To my mind, the radical decision would be to stick with Sherwood, the most off-message manager Spurs have ever had. On Friday, in another typically provocative pre-match press conference in Enfield, he pointed to the faith shown in Brendan Rodgers by Liverpool and the rewards that had yielded.
In Sherwood, Levy has a manager who won the Premier League as a player with Blackburn, ran the club’s youth system for five years and knows the club well. He is raw, but learning quickly and he can hardly expect to show the full extent of his ability if he is given just five months in the job, and no summer transfer window.
Like many British managers he has been quickly pigeon-holed by some as tactically naïve. In fact, like Rodgers, he has a way that he wants to play and he is not prepared to compromise, even if that means occasionally taking some big hits. He is also trying to impose this style on a squad he has inherited, rather than built, with all the attendant pitfalls.
It does not take much detective work to guess that Sherwood feels last summer’s £110 million investment in seven players, led by Levy and Baldini, was little short of a disaster. Aside from Christian Eriksen and Paulinho, both useful but hardly world-beaters, the net effect of the sale of Bale and others has been to send the team backwards not forward. None of the seven, of which four are injured, started the game against Chelsea.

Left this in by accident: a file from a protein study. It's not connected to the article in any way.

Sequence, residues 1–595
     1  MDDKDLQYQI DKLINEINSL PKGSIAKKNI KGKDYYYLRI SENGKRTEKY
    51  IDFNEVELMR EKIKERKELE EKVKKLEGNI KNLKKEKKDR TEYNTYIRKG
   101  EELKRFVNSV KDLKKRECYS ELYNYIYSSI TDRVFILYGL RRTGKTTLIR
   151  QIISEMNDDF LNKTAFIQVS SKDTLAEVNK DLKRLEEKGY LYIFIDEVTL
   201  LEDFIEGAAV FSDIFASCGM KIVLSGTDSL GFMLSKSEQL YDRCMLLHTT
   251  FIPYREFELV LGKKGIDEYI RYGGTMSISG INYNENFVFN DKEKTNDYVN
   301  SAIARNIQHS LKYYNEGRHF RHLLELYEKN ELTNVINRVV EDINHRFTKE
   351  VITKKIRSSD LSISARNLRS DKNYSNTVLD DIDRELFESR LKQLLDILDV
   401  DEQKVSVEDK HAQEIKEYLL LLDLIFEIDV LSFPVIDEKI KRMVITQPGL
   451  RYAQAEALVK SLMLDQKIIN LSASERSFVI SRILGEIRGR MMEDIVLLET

Garth Crooks memorably described Spurs’ summer transfer business as the club having “sold Elvis and bought the Beatles”. Six months on, the Elvis part looks right, but it would appear that, rather than the Beatles, Spurs have acquired the Lighthouse Family.
The chances are that Levy will roll the dice again this summer, get rid of Sherwood and bring in another big-hitter. Laughably, Roberto Mancini has expressed an interest – one struggles to think of a manager less suited to the Levy way. It will all sound perfectly promising in theory. But what about the alternative to that cure? That would be giving Sherwood, Levy’s rebellious manager, the chance to build.
One year and one week ago to the day, Spurs beat Arsenal 2-1 at White Hart Lane to move seven points ahead of their rivals and consolidate third place. Spurs then dropped out of the top four over the last 10 games of the season and since then the net swing in points has been 13 in favour of Arsenal who have played a game fewer. Now it is Arsenal who are well-set for Champions League football next season.
Over that period, Spurs have sold their best player, spent £110 million, sacked their manager, gone some way to undermining his replacement and are still getting thumped by the top teams in the Premier League. You do not have to look too hard to work out where, to quote Sherwood again from Saturday, “it all went Pete Tong”.
After the Europa League tie with Benfica on Thursday, Spurs face the old enemy, Arsenal, at White Hart Lane on Sunday. It will be interesting to see how many of that gang of seven from the summer Sherwood calls upon in a game that could define Spurs’ season. A penny for the thoughts of Mr Levy too, who tends towards the dramatic intervention when events hit crisis-point.
His instinct in these situations is usually to seek out the kind of exotic coaching name whom he believes can transform Spurs. That is not a category in which Sherwood, from Borehamwood, just two junctions round the M25 from Enfield, scores highly. But the Spurs manager does seem to have hit upon an essential truth about his club’s current state. It is just a question of whether his chairman wants to hear it.